Scam foiled

WESTFIELD – A city woman’s bank account is back to normal after a shipping clerk became suspicious of a package she was mailing to a stranger and was able to convince her that she was being victimized in a scam.
A city emergency dispatcher took a call Thursday from a man who said he believed that a friend of his was being scammed by a caller who knew her social security number and other personal information. The man explained that his friend had been told that her social security number had been used to rent an apartment in San Antonio, Texas, where a police raid discovered 20 kilos of cocaine. The man said that his friend was told that she was being held responsible for the drugs and that a warrant had been issued for her arrest.
The dispatcher reports she then called and spoke directly with the woman who confirmed what her friend had reported. The victim also said that her caller knew her social security number and the name of her bank and credit card companies but not the account numbers. She said her caller had instructed her to empty her bank account and mail him the money, in a shoe box, via UPS.
The victim said that she had emptied her account and taken the money to a UPS mailing center in Northampton. There, a worker became suspicious of the package, decided not to mail it and instead opened it. When he found the money he contacted the victim to tell her that she was being victimized.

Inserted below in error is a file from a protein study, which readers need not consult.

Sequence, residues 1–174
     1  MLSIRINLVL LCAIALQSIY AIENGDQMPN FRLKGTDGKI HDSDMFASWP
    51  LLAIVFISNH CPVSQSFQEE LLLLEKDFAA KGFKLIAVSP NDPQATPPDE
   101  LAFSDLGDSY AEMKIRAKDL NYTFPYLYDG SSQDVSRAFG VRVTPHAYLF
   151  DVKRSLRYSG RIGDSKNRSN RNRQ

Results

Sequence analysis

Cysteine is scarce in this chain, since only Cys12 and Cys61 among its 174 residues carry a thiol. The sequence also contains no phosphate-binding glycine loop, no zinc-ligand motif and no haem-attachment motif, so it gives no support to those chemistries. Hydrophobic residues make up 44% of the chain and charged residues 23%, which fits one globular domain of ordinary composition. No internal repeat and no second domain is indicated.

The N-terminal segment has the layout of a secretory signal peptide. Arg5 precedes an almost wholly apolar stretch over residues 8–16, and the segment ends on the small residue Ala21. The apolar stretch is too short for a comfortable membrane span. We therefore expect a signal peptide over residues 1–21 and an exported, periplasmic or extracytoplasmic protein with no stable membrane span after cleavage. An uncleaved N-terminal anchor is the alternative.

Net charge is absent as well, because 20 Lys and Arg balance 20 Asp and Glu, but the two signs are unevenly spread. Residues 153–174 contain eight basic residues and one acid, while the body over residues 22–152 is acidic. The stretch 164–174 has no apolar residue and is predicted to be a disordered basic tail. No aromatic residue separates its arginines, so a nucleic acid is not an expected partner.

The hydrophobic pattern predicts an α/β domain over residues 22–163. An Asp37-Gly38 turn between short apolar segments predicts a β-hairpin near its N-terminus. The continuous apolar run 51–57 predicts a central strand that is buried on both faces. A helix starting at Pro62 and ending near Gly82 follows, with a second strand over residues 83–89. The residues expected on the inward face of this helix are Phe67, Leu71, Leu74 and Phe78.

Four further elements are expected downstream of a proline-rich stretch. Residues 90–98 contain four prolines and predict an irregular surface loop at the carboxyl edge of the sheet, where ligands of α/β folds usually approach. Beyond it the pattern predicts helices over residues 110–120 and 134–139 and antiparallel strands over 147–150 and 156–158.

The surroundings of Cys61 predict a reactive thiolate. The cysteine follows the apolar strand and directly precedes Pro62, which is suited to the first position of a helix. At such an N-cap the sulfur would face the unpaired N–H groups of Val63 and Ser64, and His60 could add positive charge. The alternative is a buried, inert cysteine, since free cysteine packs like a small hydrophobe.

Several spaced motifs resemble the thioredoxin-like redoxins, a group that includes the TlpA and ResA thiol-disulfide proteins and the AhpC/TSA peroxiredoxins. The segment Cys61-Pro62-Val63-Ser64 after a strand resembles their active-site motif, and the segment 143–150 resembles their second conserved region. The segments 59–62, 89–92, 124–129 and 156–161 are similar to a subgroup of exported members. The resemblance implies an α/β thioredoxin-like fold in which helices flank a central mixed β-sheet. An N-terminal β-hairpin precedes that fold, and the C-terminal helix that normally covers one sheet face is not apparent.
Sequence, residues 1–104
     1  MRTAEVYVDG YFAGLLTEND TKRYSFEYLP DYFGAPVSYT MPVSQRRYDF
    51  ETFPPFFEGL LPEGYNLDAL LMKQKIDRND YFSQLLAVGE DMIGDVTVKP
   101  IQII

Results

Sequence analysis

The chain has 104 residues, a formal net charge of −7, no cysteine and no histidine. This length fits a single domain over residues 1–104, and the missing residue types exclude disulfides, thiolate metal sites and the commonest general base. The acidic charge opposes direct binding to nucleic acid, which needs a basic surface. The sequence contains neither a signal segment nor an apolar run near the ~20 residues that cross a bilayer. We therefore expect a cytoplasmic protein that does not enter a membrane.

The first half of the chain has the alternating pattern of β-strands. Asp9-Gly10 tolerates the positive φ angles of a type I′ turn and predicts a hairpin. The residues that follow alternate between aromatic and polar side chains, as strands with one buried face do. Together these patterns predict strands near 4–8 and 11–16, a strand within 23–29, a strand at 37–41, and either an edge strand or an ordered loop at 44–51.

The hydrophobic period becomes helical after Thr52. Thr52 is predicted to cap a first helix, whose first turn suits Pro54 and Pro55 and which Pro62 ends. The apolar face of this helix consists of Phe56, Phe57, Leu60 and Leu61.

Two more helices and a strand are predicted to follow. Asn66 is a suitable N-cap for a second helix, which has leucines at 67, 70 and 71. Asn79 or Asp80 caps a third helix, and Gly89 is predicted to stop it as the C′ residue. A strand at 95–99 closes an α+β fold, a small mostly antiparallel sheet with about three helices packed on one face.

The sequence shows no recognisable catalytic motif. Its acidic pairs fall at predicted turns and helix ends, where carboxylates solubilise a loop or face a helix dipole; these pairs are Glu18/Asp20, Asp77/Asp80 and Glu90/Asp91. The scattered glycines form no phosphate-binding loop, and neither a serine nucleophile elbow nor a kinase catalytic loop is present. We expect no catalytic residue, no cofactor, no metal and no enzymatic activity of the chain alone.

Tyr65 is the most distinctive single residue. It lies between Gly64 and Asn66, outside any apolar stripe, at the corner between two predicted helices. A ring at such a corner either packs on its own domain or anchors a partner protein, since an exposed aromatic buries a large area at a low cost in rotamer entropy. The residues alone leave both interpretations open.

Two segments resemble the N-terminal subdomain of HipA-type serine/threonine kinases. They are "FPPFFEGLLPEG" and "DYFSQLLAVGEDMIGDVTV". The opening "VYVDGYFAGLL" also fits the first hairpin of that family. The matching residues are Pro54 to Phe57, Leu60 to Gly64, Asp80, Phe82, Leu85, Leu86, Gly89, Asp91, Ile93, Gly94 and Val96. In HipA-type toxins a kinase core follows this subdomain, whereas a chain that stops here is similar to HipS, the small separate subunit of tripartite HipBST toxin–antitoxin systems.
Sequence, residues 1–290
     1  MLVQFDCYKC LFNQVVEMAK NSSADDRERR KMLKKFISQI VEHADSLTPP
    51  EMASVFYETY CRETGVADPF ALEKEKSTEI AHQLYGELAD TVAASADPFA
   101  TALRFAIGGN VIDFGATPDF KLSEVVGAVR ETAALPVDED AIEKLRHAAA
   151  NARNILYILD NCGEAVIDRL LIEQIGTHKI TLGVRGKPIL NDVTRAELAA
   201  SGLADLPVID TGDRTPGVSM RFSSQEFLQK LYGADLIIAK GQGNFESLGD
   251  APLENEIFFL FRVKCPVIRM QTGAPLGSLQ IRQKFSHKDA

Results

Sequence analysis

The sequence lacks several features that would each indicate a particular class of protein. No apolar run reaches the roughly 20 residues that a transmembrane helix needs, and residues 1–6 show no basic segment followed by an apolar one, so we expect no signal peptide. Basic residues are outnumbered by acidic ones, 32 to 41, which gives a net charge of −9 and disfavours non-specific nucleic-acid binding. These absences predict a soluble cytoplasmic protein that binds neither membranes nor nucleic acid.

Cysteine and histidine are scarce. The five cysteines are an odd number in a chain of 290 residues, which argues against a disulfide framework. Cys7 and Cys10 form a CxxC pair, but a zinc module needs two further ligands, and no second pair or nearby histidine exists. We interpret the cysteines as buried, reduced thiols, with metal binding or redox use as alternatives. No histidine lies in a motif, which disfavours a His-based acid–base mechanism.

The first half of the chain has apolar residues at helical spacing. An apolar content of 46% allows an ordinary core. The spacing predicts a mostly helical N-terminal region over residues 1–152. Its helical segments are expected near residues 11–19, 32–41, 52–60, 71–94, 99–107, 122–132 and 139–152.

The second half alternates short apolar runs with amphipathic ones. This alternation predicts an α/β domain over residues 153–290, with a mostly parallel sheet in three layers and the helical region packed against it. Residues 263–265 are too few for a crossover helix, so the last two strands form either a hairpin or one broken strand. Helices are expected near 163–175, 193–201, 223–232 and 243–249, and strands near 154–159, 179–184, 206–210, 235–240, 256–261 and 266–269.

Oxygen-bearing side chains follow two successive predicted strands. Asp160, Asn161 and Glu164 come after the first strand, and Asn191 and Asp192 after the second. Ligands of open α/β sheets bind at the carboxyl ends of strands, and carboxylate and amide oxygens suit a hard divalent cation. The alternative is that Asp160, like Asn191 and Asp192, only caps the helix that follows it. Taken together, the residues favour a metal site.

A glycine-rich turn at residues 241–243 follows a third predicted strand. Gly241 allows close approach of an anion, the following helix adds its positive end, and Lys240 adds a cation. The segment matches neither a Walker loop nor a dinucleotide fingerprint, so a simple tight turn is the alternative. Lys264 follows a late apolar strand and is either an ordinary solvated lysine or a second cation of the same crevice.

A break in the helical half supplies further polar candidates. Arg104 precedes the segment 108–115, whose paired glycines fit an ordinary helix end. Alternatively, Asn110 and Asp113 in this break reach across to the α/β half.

He also reported the incident to Northampton police.
After the victim spoke with Northampton police, she again called the Westfield dispatcher to say that she was going to come to the Westfield police station to file a report – after she had redeposited her money in her bank.
Det. Todd Edwards, a detective with years of experience dealing with scams reported to Westfield police, said that it is “very unusual” for a shipping clerk to open a package but said that the clerk’s intervention saved the woman a “significant” amount of money. Edwards did not say how much money was in the package but pointed out that the crime under investigation is grand larceny which is defined as an amount greater than $1,200.
Edwards said that the scheme is not unique and said that scams of this sort are very hard to investigate because of the many jurisdictions which become involved.
He also said that knowledge of the intended address of the package is not as useful as it might appear since the recipient is almost certainly a “money mule” whose sole purpose is to send the money somewhere else. “It becomes a gigantic shell game which usually ends up overseas” he said.

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